Learning to express our feelings is in itself telling a story – our own. A story that starts afresh every day, changing and teaching us something new. The words linked to emotions are enough to fill a dictionary and yet, come to think of it, each and every emotion can be described in several ways. How many familiar images and stories come to mind if we say “fear”? Ghost stories and suspense-filled mysteries, as well as stories that move us and make us empathise for the characters living them.
And what about freedom? Haven’t we all travelled to Neverland with Peter Pan, or been curious enough to take a Journey to the Centre of the Earth and explore unfamiliar worlds with Jules Verne? Hope can also be a strong emotion, a dream of the future we wish for.
That’s why it’s so easy to care about the characters in The Secret Garden or the four sisters in Little Women – because they wish to be happy, just like us. One day it might be courage, the next day love, or uncertainty… Rather than following one another, these emotions mingle constantly, leading us to become what we are and to share it with others. And that’s why the stories we like to read are so close to our world. Authors have often written of the frames of mind that we sometimes can’t express.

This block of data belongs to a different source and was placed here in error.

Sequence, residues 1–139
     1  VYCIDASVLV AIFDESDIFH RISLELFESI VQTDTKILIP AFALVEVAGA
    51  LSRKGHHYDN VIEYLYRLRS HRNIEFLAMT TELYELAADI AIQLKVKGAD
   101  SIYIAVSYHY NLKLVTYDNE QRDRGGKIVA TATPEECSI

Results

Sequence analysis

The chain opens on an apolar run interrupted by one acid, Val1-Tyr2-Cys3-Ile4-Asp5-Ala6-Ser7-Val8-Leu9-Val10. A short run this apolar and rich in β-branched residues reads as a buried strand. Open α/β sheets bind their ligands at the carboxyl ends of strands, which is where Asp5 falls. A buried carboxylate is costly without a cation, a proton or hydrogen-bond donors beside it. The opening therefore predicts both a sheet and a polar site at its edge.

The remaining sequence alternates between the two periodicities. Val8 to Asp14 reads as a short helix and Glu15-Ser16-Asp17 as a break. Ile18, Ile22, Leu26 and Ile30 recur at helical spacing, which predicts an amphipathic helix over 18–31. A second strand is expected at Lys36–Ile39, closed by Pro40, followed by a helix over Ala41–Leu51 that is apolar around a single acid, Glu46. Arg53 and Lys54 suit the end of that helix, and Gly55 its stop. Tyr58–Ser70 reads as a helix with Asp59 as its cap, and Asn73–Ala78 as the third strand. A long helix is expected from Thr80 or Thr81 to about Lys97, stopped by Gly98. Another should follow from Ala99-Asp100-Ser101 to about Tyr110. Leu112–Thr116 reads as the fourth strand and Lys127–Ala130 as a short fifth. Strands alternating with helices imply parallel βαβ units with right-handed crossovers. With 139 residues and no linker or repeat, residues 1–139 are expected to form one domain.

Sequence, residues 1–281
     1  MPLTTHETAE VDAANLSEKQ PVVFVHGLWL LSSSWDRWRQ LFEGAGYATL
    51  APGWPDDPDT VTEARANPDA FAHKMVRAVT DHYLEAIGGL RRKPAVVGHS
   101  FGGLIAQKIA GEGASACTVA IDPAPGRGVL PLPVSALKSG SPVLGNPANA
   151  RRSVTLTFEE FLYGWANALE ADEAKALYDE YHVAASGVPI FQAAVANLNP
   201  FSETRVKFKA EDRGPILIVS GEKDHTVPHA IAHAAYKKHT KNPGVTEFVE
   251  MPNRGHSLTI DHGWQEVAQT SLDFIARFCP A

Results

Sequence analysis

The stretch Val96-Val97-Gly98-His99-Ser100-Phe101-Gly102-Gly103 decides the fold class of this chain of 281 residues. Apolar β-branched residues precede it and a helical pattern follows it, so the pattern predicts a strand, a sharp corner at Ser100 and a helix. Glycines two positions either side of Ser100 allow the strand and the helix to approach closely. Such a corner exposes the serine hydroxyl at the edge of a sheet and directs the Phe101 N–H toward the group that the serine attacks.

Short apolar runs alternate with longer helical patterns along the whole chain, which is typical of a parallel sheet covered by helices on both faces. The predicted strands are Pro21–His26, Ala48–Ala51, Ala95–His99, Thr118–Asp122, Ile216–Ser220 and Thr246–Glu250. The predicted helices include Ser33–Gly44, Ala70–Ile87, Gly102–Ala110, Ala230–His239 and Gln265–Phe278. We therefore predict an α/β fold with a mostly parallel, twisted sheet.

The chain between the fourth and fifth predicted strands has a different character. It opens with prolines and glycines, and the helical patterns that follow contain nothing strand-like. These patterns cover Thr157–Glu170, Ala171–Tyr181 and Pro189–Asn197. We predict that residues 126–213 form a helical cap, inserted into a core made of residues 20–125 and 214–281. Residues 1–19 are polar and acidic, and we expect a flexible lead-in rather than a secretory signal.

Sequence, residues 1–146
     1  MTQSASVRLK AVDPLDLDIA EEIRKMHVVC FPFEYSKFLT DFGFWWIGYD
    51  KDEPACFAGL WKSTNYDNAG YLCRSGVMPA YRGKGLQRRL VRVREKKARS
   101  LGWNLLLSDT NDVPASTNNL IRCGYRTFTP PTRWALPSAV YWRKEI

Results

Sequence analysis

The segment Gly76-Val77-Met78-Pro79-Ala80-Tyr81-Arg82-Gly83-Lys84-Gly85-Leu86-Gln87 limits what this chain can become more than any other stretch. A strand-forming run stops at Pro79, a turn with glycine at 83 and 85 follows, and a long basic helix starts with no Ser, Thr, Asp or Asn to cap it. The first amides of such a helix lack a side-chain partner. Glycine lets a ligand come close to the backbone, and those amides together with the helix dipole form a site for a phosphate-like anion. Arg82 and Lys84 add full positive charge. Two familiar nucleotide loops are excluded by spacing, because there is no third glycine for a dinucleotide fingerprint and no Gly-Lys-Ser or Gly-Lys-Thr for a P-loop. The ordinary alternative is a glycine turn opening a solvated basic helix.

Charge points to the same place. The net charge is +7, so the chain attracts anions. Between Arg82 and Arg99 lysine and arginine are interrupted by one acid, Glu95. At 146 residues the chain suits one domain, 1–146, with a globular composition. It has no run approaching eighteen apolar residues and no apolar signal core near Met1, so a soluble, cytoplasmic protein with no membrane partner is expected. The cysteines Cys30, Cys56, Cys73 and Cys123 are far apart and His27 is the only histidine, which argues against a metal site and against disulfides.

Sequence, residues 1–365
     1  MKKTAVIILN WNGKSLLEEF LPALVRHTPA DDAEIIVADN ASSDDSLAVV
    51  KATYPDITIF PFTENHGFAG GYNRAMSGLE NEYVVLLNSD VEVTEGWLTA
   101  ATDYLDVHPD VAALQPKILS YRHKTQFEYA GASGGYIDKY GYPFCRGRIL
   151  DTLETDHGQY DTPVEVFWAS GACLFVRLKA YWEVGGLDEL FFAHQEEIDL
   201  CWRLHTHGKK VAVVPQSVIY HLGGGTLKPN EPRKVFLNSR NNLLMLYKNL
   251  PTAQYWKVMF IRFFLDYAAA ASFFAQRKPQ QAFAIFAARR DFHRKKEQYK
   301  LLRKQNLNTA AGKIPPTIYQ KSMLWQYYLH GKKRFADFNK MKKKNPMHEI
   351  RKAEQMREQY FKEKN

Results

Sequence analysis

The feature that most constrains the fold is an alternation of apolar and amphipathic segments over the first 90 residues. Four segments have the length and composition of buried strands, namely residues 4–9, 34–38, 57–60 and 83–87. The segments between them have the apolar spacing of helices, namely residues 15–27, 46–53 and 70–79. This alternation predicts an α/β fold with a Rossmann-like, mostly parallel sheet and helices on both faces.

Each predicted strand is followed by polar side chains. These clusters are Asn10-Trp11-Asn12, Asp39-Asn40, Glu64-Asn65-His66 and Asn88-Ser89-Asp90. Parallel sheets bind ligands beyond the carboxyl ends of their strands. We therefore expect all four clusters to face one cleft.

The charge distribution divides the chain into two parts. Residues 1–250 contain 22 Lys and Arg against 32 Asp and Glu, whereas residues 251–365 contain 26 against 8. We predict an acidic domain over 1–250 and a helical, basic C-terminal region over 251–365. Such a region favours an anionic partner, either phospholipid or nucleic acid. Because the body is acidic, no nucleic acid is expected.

Stories teach us the words to express ourselves, as we learn the most wonderful language of all: the language that can describe ourselves and our lives.
“Emotions – A poem”
“Journey to the Centre of the Earth” (B1.1)
“Stories for the Curious” (A2)
“Anne of Green Gables” (A1)
“North and South” (B2.1)
“Stories of Ghosts and Mystery”- Lesson Plan (B1.1)
“Stories of Ghosts and Mystery” – Lesson Plan – Worksheet (B1.1)
“The Secret Garden” – Lesson Plan (B1.1)
“The Secret Garden” – Lesson Plan – Worksheet (B1.1)
“Wonder” – Listening – Audio File (A2)
“Wonder” – Listening – Activity (A2)
“Wonder” – Listening – Activity – Answer Keys (A2)